This is the second year in a row that Ichiro Suzuki has been significantly better against lefties than against righties — .841 OPS vs LHP; .639 vs. RHP — yet against the lefty Jon Lester, Ichiro is on the bench and Alfonso Soriano is in the lineup. The video above is Joe Girardi explaining the decision.
Basically, Jacoby Ellsbury has been productive against Lester this season, Brett Gardner has been hot lately, and Soriano doubled and homered off Lester earlier this year.
“Part of it is you’d like to possibly give one of your lefties a day off today,” Girardi said. “But it’s only the second day (in a row) and I’m going to play the guys that we’ve been playing every day.”
I can’t help thinking the Soriano double and home run are significant factors in this situation. Ichiro has hit for a terrific average against lefties this season, but he has just one extra-base hit against them in 30 at-bats. It’s a small sample size, and the Yankees lineup has plenty of small-ball hitters without Ichiro. Without Soriano, the only hitters in this lineup who could be considered true power threats would be Mark Teixeira, Brian McCann and Carlos Beltran (and Beltran isn’t exactly clobbering the ball lately).
This lineup needs some pop, and Soriano can — in theory — provide some.
“So far, we’re not doing our job,” Soriano said. “But we have a very good record, we’re like two games out from the first place. We’re not hitting like we’re supposed to hit, so that’s a good thing. Sooner or later, we will hit like we’re supposed to hit, and I think everything will be in better shape.”
In his limited at-bats, Soriano has actually hit a little bit lately. Of course, he’s been Ichiro-like because his offense has come with a high average but very little power (and a seriously small sample size). The Yankees already have pushed Soriano into a part-time platoon role. if he can’t be productive in a situation like this, it’s hard to see a spot for him.
“I’m feeling much better,” Soriano said “See the ball better, and try to do my job when I’ve got the time to play. That’s what I want to do. I just want to try to feel better every day and try to do my job and help the team to win.”
• Girardi said he actually had not heard or asked about Michael Pineda’s scheduled throwing session. Pineda was scheduled to play catch today. his first time throwing since his most recent setback. “Probably 25 throws at 60 feet, so probably not a lot to get excited about,” Girardi said.
• Assuming everything went fine, what’s next for Pineda? “You extend the catch, get him up to 120 feet (eventually),” Girardi said. “Do some flat ground, do some bullpens, do some live BP-slash-simulated games, then you try to get him in some games. But it takes a while.”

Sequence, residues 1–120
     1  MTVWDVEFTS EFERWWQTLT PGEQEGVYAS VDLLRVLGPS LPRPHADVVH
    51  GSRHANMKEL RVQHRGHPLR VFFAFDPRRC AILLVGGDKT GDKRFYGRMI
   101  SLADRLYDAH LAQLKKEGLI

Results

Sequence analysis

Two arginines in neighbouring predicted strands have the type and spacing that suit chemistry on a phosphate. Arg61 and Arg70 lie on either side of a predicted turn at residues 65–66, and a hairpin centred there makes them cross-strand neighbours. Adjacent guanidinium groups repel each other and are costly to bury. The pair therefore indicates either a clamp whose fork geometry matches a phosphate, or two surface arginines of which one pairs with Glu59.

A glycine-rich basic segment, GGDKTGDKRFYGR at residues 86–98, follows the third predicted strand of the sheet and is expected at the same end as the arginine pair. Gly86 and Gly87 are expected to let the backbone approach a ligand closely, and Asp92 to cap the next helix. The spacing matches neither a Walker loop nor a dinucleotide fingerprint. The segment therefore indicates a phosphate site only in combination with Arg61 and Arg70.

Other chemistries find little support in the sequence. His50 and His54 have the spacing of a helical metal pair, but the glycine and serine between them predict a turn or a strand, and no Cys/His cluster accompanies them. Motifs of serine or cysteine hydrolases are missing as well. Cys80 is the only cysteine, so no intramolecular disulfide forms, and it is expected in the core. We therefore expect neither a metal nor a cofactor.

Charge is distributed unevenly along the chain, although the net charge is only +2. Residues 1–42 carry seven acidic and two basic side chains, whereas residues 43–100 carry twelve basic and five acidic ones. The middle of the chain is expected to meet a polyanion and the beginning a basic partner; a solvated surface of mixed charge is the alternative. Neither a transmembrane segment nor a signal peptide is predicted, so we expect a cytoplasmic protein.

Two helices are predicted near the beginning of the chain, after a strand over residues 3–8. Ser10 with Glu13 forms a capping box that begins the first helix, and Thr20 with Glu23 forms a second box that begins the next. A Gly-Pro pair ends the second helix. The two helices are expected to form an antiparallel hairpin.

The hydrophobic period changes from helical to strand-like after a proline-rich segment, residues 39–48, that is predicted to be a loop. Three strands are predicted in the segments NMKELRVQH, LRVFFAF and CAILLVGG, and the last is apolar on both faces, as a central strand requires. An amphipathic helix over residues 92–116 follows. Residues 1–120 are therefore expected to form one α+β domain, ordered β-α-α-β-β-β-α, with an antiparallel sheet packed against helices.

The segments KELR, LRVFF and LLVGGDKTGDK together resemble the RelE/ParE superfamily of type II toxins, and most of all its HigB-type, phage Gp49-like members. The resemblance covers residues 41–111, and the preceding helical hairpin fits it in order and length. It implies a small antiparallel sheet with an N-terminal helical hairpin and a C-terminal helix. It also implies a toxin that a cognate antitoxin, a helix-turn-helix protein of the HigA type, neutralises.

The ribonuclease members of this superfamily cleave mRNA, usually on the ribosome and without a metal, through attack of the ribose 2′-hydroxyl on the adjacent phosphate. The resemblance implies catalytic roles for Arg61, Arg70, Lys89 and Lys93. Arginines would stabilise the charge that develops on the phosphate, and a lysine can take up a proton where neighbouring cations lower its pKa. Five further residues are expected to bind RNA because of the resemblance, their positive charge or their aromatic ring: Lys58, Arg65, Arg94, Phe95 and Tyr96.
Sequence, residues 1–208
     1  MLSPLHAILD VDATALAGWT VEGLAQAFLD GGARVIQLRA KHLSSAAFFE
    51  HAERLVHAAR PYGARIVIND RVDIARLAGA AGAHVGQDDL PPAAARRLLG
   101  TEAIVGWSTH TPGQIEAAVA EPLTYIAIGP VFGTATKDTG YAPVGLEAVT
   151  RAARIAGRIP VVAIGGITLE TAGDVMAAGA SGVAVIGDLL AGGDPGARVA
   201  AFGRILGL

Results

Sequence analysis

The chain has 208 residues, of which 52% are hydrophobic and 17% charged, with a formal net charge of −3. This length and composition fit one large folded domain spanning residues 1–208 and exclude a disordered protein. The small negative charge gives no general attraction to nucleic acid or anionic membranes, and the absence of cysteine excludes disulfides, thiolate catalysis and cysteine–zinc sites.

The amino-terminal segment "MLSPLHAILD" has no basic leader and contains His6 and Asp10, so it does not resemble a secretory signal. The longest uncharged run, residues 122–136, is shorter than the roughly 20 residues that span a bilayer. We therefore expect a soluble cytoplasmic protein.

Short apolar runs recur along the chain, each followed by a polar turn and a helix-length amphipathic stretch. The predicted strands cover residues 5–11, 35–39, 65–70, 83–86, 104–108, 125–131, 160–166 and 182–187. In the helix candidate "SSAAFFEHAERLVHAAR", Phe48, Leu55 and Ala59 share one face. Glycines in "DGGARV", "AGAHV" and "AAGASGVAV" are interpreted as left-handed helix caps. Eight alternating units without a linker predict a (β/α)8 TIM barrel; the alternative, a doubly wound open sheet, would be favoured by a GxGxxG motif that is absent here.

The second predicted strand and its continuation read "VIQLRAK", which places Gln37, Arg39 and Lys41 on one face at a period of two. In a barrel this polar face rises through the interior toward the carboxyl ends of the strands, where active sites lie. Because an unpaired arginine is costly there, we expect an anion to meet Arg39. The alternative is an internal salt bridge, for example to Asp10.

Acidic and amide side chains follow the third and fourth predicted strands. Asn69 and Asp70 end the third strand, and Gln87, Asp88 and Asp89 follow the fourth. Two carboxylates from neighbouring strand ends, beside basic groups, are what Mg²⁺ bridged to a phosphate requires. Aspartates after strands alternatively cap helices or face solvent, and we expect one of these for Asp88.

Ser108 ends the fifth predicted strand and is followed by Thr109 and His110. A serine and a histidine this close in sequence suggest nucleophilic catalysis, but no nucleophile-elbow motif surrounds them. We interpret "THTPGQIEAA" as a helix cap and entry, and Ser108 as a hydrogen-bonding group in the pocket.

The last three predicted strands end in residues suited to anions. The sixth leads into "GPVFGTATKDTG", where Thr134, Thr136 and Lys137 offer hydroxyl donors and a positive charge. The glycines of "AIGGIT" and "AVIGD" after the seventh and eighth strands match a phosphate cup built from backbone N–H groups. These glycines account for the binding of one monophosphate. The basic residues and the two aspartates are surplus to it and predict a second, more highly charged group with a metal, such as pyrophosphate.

• More significant is tonight’s rehab start by CC Sabathia, who’s pitching for High-A Tampa beginning in just a few minutes. Tampa Yankees radio man Nick Flammia is on the scene. Jake Cave is hitting leadoff, Greg Bird is the No. 3 hitter and Aaron Judge is batting cleanup in that game. Also, Angelo Gumbs has come off the disabled list and is starting at second base down there. It’s his third game back.
• Another guy off the minor league DL is Chris Leroux, who was activated to the Scranton/Wilkes-Barre roster this afternoon and will start tonight. With a few guys healthy now, that Triple-A rotation now includes Leroux, Bruce Billings, Alfredo Aceves and Shane Greene, all of whom have some big league time this year (and Greene pitched much better last time out). Scranton/Wilkes-Barre’s fifth start is Nik Turley, who’s also fresh off the disabled list and has a chance to be a major-league option at some point. There seem to be a few more options there than there were just a few weeks ago.
• One other thing to notice with tonight’s Scranton/Wilkes-Barre game, Jose Pirela is starting in right field (at least, according to the lineup on the RailRiders website). That’s significant only because all of his previous outfield time has come in left field. This is his first turn in right field this season. Preparing him to be a Soriano/Ichiro alternative?
• Finally, it’s Tanaka Day, with the Yankees ace making another start against the Red Sox. Last time out, Tanaka’s average fastball velocity was noticeably down, but Girardi essentially dismissed it. “He threw a lot more two-seamers and didn’t throw a lot of four-seamers,” Girardi said. “And his four-seamers are the ones that are going to have a little higher velocity. That can have something to do with it. It can vary from start to start. There’s no doubt about it. You can have a guy anywhere from half-a-mile to a mile off from start to start, it can be a little but different depending on the amount of rest or how tough the innings were, so yeah, it can vary, but a lot of it can have to do with how many four-seamers he throws too.”
Associated Press photo